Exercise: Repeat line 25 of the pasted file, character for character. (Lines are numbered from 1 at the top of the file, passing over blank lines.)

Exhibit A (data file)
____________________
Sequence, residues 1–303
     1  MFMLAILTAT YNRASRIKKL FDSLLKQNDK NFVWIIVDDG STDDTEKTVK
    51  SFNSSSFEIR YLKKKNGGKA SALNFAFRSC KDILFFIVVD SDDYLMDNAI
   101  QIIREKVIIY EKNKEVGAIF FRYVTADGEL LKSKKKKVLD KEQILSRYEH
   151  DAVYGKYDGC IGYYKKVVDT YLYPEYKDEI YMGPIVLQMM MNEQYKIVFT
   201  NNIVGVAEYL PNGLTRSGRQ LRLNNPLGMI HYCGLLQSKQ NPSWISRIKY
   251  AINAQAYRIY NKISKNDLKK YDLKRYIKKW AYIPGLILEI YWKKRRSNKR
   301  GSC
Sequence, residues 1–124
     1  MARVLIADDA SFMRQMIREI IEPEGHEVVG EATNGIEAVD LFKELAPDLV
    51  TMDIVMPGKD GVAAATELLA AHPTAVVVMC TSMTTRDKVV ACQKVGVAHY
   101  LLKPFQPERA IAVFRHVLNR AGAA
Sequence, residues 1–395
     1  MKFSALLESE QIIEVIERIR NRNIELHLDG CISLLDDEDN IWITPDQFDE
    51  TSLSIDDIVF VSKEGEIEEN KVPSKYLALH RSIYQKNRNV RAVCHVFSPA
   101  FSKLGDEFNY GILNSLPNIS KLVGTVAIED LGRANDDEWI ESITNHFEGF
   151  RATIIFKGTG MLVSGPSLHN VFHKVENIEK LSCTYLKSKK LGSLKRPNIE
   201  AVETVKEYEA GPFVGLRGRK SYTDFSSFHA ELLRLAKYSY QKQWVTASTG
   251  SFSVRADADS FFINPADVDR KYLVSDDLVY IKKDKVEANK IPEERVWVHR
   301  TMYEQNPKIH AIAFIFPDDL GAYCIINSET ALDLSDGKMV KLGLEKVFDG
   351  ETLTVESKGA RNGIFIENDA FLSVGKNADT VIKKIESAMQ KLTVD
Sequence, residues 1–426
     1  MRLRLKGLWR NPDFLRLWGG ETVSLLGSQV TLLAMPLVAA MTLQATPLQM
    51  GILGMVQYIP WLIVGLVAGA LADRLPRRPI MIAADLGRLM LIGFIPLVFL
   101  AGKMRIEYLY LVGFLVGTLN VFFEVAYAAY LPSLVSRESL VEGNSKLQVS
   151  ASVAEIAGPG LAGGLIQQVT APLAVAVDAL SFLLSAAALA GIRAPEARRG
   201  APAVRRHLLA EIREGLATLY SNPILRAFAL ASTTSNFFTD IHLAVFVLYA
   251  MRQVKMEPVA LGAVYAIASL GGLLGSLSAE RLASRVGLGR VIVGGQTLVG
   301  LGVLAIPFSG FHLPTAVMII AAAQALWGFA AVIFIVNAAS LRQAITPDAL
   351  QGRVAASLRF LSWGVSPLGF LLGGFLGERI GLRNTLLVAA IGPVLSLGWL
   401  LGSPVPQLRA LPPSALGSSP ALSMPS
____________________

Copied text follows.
   101  AGKMRIEYLY LVGFLVGTLN VFFEVAYAAY LPSLVSRESL VEGNSKLQVS